Posted in:

NPS Seeks Input on Oregon Inlet Dredging

The public has 15 days from Monday to review and comment on the draft of the Finding of No Significant Impact, or FONSI, for dredging of Oregon Inlet with a Dare County dredge.

Cape Hatteras National Seashore announced Monday that public comments will be accepted until May 25 electronically through the website or mailed to Superintendent, Cape Hatteras National Seashore, 1401 National Park Drive, Manteo, N.C. 27954.

Dare County is seeking a Special Use Permit from the seashore to use a privately owned hopper dredge in the same manner and under the same conditions as what is currently authorized for the Army Corps of Engineers to perform maintenance dredging of small and isolated, regularly occurring shoals within Oregon Inlet, which is within seashore boundaries, according to the National Park Service.

The Corps’ regulatory control over the project includes the dredging and discharge of dredged material within the the Oregon Inlet corridor and the disposal areas as a federally authorized navigation channel.

In compliance with the National Environmental Policy Act, or NEPA, the National Park Service is adopting the environmental assessment the Corps drafted for the Clean Water Act Section 404 permitting in which the National Park Service was a cooperating agency.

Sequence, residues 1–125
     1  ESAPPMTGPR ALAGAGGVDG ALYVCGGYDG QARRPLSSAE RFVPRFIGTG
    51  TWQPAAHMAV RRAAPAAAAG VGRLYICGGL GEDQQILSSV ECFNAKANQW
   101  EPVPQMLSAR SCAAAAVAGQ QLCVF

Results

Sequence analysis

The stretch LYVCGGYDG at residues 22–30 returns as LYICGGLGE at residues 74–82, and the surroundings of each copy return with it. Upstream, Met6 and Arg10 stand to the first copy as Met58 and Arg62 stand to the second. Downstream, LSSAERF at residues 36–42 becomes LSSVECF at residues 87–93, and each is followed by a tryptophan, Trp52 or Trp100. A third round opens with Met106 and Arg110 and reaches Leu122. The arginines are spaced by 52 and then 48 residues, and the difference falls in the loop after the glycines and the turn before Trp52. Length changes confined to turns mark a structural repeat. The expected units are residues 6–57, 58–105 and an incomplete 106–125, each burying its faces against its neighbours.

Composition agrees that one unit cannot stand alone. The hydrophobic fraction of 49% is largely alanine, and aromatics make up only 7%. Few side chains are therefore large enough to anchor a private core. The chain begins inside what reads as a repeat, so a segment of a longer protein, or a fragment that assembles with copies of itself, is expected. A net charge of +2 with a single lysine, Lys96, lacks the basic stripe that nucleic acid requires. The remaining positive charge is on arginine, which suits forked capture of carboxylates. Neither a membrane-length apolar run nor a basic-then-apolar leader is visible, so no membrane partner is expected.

An environmental assessment, or EA, is a document that provides sufficient information to determine if a federal action has the potential to cause significant environmental effects. Section 404 of the Clean Water Act establishes a program to regulate the discharge of dredged or fill material into waters of the United States, including wetlands, according to the Environmental Protection Agency.

The Corps and National Park Service reviewed Dare County’s January 2019 draft environmental assessment, which examined alternatives and environmental effects of the proposed project.

The statements and conclusions reached in this draft FONSI are based on documentation and analysis provided in the Corps’ environmental assessment with supplemental analysis provided in the Dare County environmental assessment to support the National Park Service decision. To the extent necessary, relevant sections of the Corps’ environmental assessment are incorporated in the FONSI.

About the Author

Staff Report

The story was compiled by staff members of Coastal Review Online.